The Magic of Snow

The Magic of Snow

There is something special about snow falling.  Falling soft and light as it is right now outside my window. The first real snow storm of the year.









Oh, how I feel bad for those who have never experienced snow. Especially children who never  built a snowman, or woke up to find out school is canceled due to a snowfall that they will soon go out and play in. Who never got to sled down a big hill on a piece of plastic or wood that you have very little control over and may end up in a hidden thorny bush at the bottom. MaplewoodPressSnowCats

Or never got to slide into that other kid who was on his way up the hill pulling his sled, causing him to fall on you, then you both go down the hill sandwiched together with your wild laughter floating out on misty breaths.




It comes in so many wonderful “flavors”. There is the soft cottony type that just clings to the branches of trees. As it builds up it gives the impression that everything has been painted with glistening white icing.MaplewoodPress004F This type is the best snowman and snowball making snow.




There is the type with a touch of graininess that adds sparkle! When you look out at a lawn of this snow, it looks like someone sprinkled diamonds on it! The extreme of this is when the temperature warms up at the end of the snowstorm causing the flakes to melt and you have a layer of ice over the snow. Now your lawn looks like it is glass covered. When I was a kid we actually skated all around our yard on this layer of ice that covered two feet of snow!




My favorite time to experience a snowstorm is at night. Those tiny snowflakes come down out of the dark and magically appear in front of you. When you glance over at a streetlight, you see them illuminated and floating down. The air is clean and crisp: there is silence. In a rainstorm you hear the droplets hitting the ground and everything around you. In a snowstorm, the impact is silent. Soft falling stealth cold flakes.

Yes, a nighttime snowstorm is the best, because it also leads to that first morning when you look out and the snow is perfect! It’s clean and undisturbed, insulating everything in your view. The poets speak of it looking like a white blanket covering the land, and its true.


All that beauty makes me feel joyous and renewed, and I wish that the pristine yards and fields would remain untouched all winter.



The only time I don’t like snowstorms, are when I have someplace important to go. Or, when the snow lingers around way too long and starts looking dirty, or it snows in May. Yes, we New Englanders can be fickle! For now, early in the winter season, I always long for that magical first snow.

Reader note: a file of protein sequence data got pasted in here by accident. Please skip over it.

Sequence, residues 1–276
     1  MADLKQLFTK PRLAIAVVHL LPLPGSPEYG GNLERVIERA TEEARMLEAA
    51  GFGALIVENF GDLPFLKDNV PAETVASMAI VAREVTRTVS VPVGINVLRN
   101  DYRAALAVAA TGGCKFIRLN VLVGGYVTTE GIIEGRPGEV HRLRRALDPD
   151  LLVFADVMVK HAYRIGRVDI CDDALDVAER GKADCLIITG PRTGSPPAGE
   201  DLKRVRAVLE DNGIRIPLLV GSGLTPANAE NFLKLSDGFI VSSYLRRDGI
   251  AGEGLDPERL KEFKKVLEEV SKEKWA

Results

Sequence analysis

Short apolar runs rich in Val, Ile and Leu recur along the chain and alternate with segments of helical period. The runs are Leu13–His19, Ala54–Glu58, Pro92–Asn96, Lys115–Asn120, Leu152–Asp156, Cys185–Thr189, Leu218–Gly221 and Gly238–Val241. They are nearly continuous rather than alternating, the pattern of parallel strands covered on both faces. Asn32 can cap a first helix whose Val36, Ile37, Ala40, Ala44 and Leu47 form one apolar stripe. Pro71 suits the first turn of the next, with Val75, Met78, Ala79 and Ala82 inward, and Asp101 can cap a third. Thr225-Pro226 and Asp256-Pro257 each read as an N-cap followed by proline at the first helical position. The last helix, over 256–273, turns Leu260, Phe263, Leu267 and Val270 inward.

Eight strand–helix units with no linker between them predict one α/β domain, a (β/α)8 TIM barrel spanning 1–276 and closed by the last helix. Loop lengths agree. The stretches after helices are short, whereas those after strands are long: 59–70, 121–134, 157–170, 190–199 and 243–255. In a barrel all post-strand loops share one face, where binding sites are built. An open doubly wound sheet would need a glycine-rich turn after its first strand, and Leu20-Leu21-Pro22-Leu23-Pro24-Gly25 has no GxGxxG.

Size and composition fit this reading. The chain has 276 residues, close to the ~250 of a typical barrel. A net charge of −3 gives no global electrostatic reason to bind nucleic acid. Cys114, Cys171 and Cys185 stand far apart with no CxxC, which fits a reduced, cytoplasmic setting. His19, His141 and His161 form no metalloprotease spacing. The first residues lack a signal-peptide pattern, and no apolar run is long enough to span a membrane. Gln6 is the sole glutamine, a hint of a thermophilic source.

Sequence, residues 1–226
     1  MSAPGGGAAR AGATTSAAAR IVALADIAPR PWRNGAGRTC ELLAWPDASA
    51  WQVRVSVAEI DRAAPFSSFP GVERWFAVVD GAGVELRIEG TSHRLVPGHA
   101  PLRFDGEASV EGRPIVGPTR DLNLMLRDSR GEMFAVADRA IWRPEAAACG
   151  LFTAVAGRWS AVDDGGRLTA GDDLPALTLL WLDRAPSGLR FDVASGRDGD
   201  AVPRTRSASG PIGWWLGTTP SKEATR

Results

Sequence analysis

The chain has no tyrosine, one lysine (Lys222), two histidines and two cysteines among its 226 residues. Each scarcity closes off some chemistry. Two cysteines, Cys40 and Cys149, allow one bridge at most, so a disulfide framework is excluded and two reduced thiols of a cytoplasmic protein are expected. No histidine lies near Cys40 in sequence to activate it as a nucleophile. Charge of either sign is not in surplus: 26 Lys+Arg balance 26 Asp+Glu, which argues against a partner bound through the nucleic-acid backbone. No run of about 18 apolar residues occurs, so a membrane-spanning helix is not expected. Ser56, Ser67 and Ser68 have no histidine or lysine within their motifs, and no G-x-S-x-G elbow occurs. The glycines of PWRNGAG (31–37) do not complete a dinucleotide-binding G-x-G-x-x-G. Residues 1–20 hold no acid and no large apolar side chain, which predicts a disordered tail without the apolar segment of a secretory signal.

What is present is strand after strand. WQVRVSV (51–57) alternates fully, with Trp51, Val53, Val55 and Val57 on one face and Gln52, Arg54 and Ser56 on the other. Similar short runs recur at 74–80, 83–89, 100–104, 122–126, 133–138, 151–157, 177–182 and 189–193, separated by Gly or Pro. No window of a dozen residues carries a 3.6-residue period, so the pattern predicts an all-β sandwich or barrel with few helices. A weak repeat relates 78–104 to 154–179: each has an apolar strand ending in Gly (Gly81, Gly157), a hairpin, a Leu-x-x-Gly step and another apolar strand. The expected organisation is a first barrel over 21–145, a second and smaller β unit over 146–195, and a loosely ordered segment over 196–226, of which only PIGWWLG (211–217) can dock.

What is snow? It all begins when water vapor freezes straight into a hexagonal (six sided) crystal. From that shape, it will start to grow out the branches and ornamentation we are all familiar with seeing. Yes, six sided is what makes a snowflake, a snowflake.

How can we bring the snowflake magic inside?

Well, technically we can’t. We can try the next best thing, which is to preserve their likenesses.

Have a strong magnifying glass?  Good, this is up your alley.

Project A: The Cheap Method:

Hey look, it’s snowing outside!

Quick, grab that clear plastic cover off the last report you handed in at school, or maybe you happen to have a sheet of clear acetate. Place it over a clean rigid surface: I used a cookie baking sheet. Now grab an adult and a spray can of clear top coat. (I’m a fan of Krylon’s Clear) In a well vented area or a sheltered porch, spray a thin layer over your acetate. Try to avoid your face or nose or eyes, please. Wait a couple seconds for it to get tacky. Now hold it out in the falling snow to capture scattered snowflakes for just a second or two, then run inside or cover your sheet. Once inside your snowflakes will melt and leave behind a “footprint” in the acrylic coating. Take out that handy magnifying glass and enjoy!

A little more complicated way of doing this can be found at Kenneth G. Libbrecht’s great website. There you can learn about the science of snowflakes and see his beautiful photos. I happen to own a couple of his books. The images are amazing!

Back to OUR magic gathering. If that sounds like too much effort, or you are reading this at work, you can go old-fashion.

Project B: Yank out some white copy paper from your printer, a small round plate leftover from lunch, scissors borrowed from your co-worker, and you are good to go to make paper snowflakes!

Step 1. Draw a circle and cut it out.

Step 2. Fold in half.

Now comes the tricky part to get it so its six sided:

Steps 3 and 4. Fold it into thirds, bringing the sides equally into the middle. (A side note, this is also the way to make a funnel, or a fast pastry bag, just cut the tip)





Step 5. Cut into the sides, and unfold! See how many you can come up with.ArcherAtwoodSnow2


Prick a small hole at the top of one of the branches and thread a little bit of string or ribbon through that in order to hang them from your ceiling to create the perfect snowfall, one that will stay forever and you don’t get cold!


If you would like to learn more about snowflakes, or have a reference for cutting out more delicate paper ones, I suggest looking for books by the original snowflake hunter W.A Bentley and the current expert Kenneth G. Libbrecht at

Now your room is dripping with beautiful permanent snowflakes.

Have a great winter season! And may it snow softly on you!














Leave a Reply

Your email address will not be published. Required fields are marked *